Meet Anna

Self-Confidence Helps Keiki Excel

Many keiki with orthopedic conditions can be self-conscious about their physical abilities and appearance, often struggling to “fit in.” Yet, when they are surrounded by supportive people who encourage them to love and just be themselves, they shine as Shriners Children’s patient Anna does. When Anna was at a third grade health check-up, her mom Thanh noticed that she sat hunched forward. One night during dinner, when Anna was asked to sit up straight, she couldn’t due to her pain. Anna’s parents soon arranged a visit with an orthopedic surgeon who diagnosed her with kyphosis, a forward curvature of the spine that creates a hunched back. Although the surgeon was confident he could treat Anna, he instead recommended she seek the specialized care at Shriners Children’s Hawai'i.

“I knew Anna was in good hands at Shriners,” said Anna’s dad Stephan, whose grandfather was a Shriner. “They have a great reputation and the latest tools and equipment to treat complex cases, like the low-radiation EOS X-ray machine.” Over the next five years, Anna’s care was supervised by orthopedic surgeon Dr. Jonathan Pellett, who prescribed a strict regimen of physical therapy and bracing to increase her strength and improve her posture. “It’s tough, but Dr. Pellett is fun and he knows what he’s doing,” said Anna. “I like that he talks directly to me about what’s happening and that he checks on other things besides my spine to make sure there aren’t any other problems.” Added Stephan, “I was impressed that Michele (director of rehabilitation therapy) is certified by The Barcelona Scoliosis Physical Therapy School in the Schroth Method which may help prevent Anna from needing surgery in the future.”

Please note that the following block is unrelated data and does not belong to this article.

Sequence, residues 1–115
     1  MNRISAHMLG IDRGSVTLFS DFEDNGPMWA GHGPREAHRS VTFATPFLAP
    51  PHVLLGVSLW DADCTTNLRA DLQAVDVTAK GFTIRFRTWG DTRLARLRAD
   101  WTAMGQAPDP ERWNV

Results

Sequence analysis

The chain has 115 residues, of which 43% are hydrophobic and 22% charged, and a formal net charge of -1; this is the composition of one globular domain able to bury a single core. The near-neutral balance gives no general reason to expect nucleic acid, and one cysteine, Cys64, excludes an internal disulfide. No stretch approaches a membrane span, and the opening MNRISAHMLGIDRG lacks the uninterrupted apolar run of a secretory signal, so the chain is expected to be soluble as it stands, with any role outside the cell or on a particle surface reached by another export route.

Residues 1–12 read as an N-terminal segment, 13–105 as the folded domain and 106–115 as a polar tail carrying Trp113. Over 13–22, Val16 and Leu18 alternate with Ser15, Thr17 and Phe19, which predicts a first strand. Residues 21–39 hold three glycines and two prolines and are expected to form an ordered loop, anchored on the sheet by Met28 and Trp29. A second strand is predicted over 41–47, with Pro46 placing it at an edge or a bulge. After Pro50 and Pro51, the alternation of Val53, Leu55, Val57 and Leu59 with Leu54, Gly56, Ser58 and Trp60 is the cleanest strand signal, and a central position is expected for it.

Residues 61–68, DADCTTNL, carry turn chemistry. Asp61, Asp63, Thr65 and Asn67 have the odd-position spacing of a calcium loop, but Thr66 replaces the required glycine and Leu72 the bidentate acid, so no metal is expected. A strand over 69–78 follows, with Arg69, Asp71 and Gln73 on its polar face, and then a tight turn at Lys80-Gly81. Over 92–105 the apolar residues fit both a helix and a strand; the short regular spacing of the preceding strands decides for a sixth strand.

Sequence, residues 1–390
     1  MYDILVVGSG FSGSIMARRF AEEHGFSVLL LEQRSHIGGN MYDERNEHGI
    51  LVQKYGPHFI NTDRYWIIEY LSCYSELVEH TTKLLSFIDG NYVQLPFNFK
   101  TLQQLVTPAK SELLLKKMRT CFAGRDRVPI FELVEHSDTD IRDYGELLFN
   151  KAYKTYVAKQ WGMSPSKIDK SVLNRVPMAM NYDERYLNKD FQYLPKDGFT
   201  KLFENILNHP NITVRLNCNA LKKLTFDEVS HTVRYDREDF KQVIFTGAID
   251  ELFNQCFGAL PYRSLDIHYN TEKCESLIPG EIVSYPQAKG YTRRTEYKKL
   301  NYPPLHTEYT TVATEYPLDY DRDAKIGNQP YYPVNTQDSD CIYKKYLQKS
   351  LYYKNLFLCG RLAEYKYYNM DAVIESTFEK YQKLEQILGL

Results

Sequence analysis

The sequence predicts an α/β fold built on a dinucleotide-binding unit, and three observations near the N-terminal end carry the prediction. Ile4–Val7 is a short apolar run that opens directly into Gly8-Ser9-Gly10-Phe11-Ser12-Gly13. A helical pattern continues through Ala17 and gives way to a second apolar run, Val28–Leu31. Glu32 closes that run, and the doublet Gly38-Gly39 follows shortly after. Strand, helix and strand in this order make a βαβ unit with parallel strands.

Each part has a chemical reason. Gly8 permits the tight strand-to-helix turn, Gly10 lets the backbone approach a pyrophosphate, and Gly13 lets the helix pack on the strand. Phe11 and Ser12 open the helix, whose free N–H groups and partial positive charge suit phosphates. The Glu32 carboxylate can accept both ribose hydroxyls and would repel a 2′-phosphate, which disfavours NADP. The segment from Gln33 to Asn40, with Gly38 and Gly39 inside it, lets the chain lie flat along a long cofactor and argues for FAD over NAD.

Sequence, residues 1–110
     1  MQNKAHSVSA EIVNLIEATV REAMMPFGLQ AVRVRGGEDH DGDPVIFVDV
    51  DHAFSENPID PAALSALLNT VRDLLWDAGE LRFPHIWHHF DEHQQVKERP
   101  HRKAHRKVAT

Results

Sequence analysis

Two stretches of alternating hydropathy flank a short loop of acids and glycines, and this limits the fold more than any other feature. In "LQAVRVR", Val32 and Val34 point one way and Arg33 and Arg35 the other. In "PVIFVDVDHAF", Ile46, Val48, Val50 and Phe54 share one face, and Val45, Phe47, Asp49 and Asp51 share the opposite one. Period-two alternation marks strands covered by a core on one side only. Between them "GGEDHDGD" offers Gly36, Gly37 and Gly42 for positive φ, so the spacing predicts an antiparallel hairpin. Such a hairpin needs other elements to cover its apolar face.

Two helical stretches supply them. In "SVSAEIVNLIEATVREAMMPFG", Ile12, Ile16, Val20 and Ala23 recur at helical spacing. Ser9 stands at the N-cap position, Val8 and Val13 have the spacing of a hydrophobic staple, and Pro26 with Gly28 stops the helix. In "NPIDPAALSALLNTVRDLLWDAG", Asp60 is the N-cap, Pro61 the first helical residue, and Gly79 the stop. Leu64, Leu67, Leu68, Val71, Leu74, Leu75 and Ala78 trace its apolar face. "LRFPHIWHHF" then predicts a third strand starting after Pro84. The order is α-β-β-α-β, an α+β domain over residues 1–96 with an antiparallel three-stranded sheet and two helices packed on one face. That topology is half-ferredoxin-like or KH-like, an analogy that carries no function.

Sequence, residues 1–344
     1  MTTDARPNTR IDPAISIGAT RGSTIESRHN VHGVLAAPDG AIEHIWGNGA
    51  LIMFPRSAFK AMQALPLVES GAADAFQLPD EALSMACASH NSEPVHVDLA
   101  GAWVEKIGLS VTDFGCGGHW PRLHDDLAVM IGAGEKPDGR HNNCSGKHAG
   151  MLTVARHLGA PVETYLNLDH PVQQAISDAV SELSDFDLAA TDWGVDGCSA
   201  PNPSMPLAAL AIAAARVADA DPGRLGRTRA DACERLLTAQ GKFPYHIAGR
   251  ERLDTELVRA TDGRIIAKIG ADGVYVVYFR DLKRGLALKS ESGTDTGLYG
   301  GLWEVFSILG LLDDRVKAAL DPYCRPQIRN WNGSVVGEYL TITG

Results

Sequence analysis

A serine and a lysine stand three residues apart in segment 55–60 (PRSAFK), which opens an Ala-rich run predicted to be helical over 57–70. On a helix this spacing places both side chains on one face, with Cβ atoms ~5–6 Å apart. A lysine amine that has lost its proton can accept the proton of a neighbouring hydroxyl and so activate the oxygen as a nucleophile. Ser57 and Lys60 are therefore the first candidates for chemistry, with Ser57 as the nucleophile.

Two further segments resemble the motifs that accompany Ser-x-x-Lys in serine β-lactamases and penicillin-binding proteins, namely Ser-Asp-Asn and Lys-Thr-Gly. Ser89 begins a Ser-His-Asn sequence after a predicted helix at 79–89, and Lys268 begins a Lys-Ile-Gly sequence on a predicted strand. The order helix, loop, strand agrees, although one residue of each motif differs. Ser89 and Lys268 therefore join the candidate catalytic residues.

Yet as challenging as her treatment was, Anna faced a new one as she grew into her adolescence – social acceptance. “I had to wear the brace constantly and couldn’t bend over,” recalled Anna. “It made it hard for me to swallow sometimes and I had to sleep on my stomach.” Imagining what her classmates would say about her and her brace, she found solace in her Shriners ohana who helped turn her nervousness into confidence. “Everyone is so nice at Shriners, it feels like I’m at a friend’s house,” smiled Anna. “I met and spoke with other kids who wore a brace and Uncle Richard (orthotics manager) reminded me that my health was important and to love myself.” With her newfound confidence, Anna “embraced her brace” and began showing and telling others about it. She was pleasantly surprised when her classmates supported her, saying that it looked like the latest fashion trend.

Now 13, Anna reflects on how living with kyphosis has made her more disciplined. As she continues to show clinical improvement, she doesn’t take it for granted. She wakes up early to do her exercises before school, where she is not just an exceptional student, but an athlete on both the swim and cross-country teams and captain of her club soccer team. Demonstrating a confidence and maturity beyond her years, Anna has already planned her future. “I want to go to the University of Oregon and be a nurse practitioner so I can work with and help other kids,” she said. “I want to mentor others just as others have mentored me.”

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